Sunday, February 21, 2016
Science Pioneers: Mae Jemison and Charles Drew
As the first female African American astronaut,
Mae C Jemison definitely earns her spot on the list of STEM pioneers. Throughout her life, Jemison was interested in STEM fields and received a degree in chemical engineering from Stanford. She worked in the Peace Corps for several years before pursuing her dream of being an astronaut. Jemison became the first African American woman in space in 1992 and subsequently won a variety of awards. Her legacy continues today as her path has paved the way for women and minorities to pursue careers in STEM and in space. Since Jemison, there have been five other African American women astronauts — Stephanie Wilson, Joan Higginbotham, Yvonne Cagle, and Jeanette Epps. Wilson and Higginbotham have travelled to space.
|Euphemia Lofton Hayes|
Charles Drew is remembered for his efforts in processing and storing blood. Drew worked hard for his achievements, going to college on a sports scholarship and working as a teacher and coach to afford medical school. He studied blood and developed the best way to dry and use plasma, earning him his doctorate degree and making him the first African American to receive a doctorate from Columbia. During WWII, Drew helped run the campaign ‘Blood for Britain’ and later worked for the American Red Cross as well. He soon quit his position at the Red Cross because of the organisation’s policy on segregating blood based on race. Until the end of his life in 1950, Drew remained highly respected and honoured in the medical community and is known as a father of blood banks.
Patricia Bath was the first African American female doctor to receive a medical patent. From a young age, Bath was interested in STEM fields and her parents encouraged her by buying her a chemistry set and discussing travel and different opportunities and cultures. She worked hard and excelled in school, ultimately studying ophthalmology, a branch of medicine dealing with the eye, at Columbia. She went on to become the first African American to complete a residency in ophthalmology. Bath championed the belief that eyesight is a basic human right and created a more precise way of removing cataracts. Her creation, the Laserphaco Probe, helped many patients who suffered from blindness finally regain eyesight.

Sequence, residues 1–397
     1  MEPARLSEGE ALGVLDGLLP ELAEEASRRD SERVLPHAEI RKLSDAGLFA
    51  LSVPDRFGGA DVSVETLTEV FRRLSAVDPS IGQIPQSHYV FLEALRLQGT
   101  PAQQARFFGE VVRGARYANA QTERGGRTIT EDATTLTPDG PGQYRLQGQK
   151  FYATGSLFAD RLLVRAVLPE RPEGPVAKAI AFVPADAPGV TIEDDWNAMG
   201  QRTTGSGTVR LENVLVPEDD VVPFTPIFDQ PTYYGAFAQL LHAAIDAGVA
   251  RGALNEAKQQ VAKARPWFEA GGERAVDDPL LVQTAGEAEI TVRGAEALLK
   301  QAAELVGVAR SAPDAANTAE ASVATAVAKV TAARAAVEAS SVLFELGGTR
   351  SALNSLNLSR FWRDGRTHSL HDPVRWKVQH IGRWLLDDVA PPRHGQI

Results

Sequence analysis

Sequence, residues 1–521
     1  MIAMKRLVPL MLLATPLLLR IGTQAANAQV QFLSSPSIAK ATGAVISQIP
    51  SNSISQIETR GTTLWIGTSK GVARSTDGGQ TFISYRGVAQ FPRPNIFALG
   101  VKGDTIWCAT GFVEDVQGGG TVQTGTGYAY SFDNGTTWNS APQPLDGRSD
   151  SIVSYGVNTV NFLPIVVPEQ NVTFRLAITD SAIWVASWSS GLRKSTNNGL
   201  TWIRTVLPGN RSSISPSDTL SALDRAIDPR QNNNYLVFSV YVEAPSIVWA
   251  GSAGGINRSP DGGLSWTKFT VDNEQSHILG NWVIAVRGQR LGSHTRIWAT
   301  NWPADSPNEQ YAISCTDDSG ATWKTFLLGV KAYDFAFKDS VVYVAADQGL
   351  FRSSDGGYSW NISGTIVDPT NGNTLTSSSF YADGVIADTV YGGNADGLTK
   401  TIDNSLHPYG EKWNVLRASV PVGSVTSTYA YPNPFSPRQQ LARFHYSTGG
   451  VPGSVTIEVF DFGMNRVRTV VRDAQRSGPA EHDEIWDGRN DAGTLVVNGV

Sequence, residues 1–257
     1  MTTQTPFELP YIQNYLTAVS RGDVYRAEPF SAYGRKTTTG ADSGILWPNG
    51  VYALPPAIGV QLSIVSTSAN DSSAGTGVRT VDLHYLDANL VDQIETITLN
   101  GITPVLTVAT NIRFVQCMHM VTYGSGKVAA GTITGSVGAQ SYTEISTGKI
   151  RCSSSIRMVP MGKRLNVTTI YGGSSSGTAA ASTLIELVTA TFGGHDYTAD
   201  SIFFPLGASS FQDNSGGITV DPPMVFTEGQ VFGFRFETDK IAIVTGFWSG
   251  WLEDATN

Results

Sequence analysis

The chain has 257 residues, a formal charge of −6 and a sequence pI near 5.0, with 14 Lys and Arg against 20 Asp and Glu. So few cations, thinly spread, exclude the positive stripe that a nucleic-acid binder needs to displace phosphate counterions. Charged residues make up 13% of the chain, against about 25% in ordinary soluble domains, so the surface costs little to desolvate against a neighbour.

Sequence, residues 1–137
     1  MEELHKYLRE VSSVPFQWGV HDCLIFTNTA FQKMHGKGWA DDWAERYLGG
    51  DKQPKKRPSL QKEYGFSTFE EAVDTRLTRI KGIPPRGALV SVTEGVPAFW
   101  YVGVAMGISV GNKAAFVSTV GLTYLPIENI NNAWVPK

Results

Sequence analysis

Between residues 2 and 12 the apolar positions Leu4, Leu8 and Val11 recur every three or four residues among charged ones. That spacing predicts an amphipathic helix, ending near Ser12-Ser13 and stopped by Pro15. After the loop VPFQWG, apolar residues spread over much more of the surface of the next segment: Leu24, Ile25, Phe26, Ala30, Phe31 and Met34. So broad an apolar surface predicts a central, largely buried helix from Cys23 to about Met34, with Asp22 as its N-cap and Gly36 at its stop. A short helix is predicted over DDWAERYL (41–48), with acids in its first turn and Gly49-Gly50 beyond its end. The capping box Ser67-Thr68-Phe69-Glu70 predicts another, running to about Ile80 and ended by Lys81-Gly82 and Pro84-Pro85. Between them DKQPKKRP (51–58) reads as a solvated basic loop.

|The ‘Black Edison’ Granville Woods|
Often nicknamed the ‘Black Edison’,
Granville T Woods is responsible for many technological advances that we take for granted today. Though he registered over 60 patents throughout his life, Woods is best remembered for his work with railroads and the telegraph. Woods started his career as a railroad engineer and held a variety of STEM-related jobs. His most important invention was his induction telegraph. The invention allowed people to communicate vocally through telegraph wires and prevent train collisions. Thomas Edison challenged the patent but Woods prevailed. The inventor died in 1910 but leaves a powerful legacy in the continued use of his technology.
If you grew up having water fights with your friends, you can thank
|Stephanie D. Wilson|
Lonnie Johnson, the inventor of the Super Soaker water gun. Johnson grew up tinkering with inventions and ideas. In high school, he won a science fair held at the University of Alabama as the only minority student competing. He went on to study nuclear and electrical engineering. He served in the Air Force before joining NASA, where he developed his now famous water gun as a side project. Johnson has acquired multiple patents and has many inventions – some successful, some failed – to his name, but none has surpassed the popularity of the Super Soaker, which ranks as one of the top toys around the world.
Lilia Abron is a significant STEM pioneer in the field of engineering. In 1972, she became the first African American woman to receive a doctorate in chemical engineering. She went on to teach and also create an engineering firm to protect the environment. Abron shares her passion for engineering with students and promotes STEM at elementary and middle schools. more